Wedding Planning Guide

wedding cake ideas

When it comes to wedding planning, few decisions will be as fun (and delicious!) as choosing your wedding cake. After all, what’s better than spending the afternoon with your fiancé sampling slice after slice of cake? But before you pick up your fork, follow our guide below to make sure you get the wedding cake of your dreams.

cake with slice taken out of it

5 steps to the perfect wedding cake

1. Book your baker at least six months in advance.

Ideally, you should order the cake at least six months before the wedding (even earlier if you want to book an in-demand pro—some bakers’ schedules start filling up a year in advance). Keep in mind, though, that it is best to start thinking about your wedding cake after you’ve chosen your reception venue and decided on the overall style of your wedding; those details (the venue’s architecture or the lace details on your wedding dress, for example) can help inform the design of your wedding confection.

2. Hire the right cake pro.

Where do you begin your baker search? Word of mouth is always the most effective route—ask recently married friends and family members for recommendations; your wedding vendors (planners, venue managers, caterers, photographers) will likely have favorites, as well. Once you’ve narrowed it down to a few potential bakers, browse their online portfolios as well as their social media channels to get an idea of their design style. Some bakeries specialize in elaborately decorated fondant-covered confections while others focus on simpler, more rustic wedding cakes. One isn’t better than the other; you just want to choose a baker whose style matches your overall wedding vision.

3. Collect inspiration photos.

Start a Pinterest board and begin saving cake inspiration photos. Think about how the cake design will complement the aesthetic of your celebration. Is your wedding formal? You might want a confection that’s similarly impressive and grand. Hosting your reception in an outdoor garden? A cake decorated with flowers (either fresh blooms or ones sculpted from sugar) would complement the setting nicely. Once you’ve gathered some favorite inspiration photos, discuss your ideas with your cake designer. He or she will be able to tell you what’s realistic and within your budget.

4. Choose your flavors.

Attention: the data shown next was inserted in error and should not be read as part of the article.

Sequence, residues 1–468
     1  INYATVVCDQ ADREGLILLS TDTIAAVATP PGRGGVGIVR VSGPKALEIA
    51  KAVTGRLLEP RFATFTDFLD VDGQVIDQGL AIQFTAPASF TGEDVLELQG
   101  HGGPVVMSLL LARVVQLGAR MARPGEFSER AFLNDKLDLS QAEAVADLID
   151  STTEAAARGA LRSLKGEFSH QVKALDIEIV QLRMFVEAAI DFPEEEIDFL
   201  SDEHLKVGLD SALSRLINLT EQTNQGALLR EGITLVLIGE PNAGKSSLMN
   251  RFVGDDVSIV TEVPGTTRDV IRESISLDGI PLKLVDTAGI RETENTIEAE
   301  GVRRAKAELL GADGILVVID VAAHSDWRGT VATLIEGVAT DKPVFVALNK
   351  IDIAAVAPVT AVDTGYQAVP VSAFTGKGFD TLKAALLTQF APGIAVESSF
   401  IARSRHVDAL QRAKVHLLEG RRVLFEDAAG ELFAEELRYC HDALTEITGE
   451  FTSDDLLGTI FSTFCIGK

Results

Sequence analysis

Besides being an eye-catching focal point at the reception, your cake should taste amazing too. Schedule a tasting session with your baker to sample cake and filling flavors, and don’t be afraid to stray from chocolate and vanilla. Decide on two flavors—three, max. Any more can be confusing for servers and guests.

5. Put it in writing.

Once you've decided on the design and flavors, make sure everything is detailed in the contract along with the fee for the cake. Like caterers, bakers typically charge per person (catering halls may charge their own per-slice cake-cutting fee if the cake does not come from them). It’s also important to discuss delivery details and coordination. For example, if you want to decorate your cake with fresh flowers, find out if the cake designer will coordinate with your florist, or if you are responsible for the blooms. If the florist agrees to take care of it, will she place them on the cake once the dessert is delivered? Or does the cake designer prefer to do that? Get those details ironed out and in writing.

Wedding cake types

Though there are a myriad of cake-decoration techniques and icing options (meringue, ganache, and marzipan, to name a few), for the most part, there are three types of wedding cakes that are the most popular. They each feature a different frosting technique, which we’ve outlined below.


Rolled out and draped over cake tiers, fondant (a pliable Play-Doh-like icing) has a super smooth surface that makes it a perfect canvas for a variety of cake decorations and techniques, such as stenciling, appliques, and hand-painting. Bonus: The stable consistency means it stands up to warm weather conditions. Fondant gets a bad rap because it’s sometimes overly sweet and can have a chewy texture; some people wind up peeling off the fondant and just eating the cake underneath. But you can have the best of both worlds by frosting the cake in buttercream first and then adding a layer of fondant over the entire confection.


Buttercream is made from combining sugar and butter to create a softer, more spreadable frosting (it also tastes delicious!). Buttercream keeps the cake layers moist and can be piped or spread smoothly, though the frosting will not look as smooth or finished as fondant. Also, buttercream is prone to melting in warm weather, so if you’re planning an outdoor reception in the summer, then consider displaying the buttercream-frosted cake indoors or opt for fondant instead.

partially naked wedding cake

Photo: Jemma Keech


Unfrosted (or partially frosted) wedding cakes are all the rage: Cake layers are sandwiched between buttercream and stacked sans fondant or frosting. This exposed look is popular with couples looking for an alternative to the traditional wedding cake; top the dessert off with simple decorations like fresh flowers, greenery, and fruit to complement the unfussy, frosting-free look.

Want more wedding cake inspiration? Check out our favorite ways to top a wedding cake.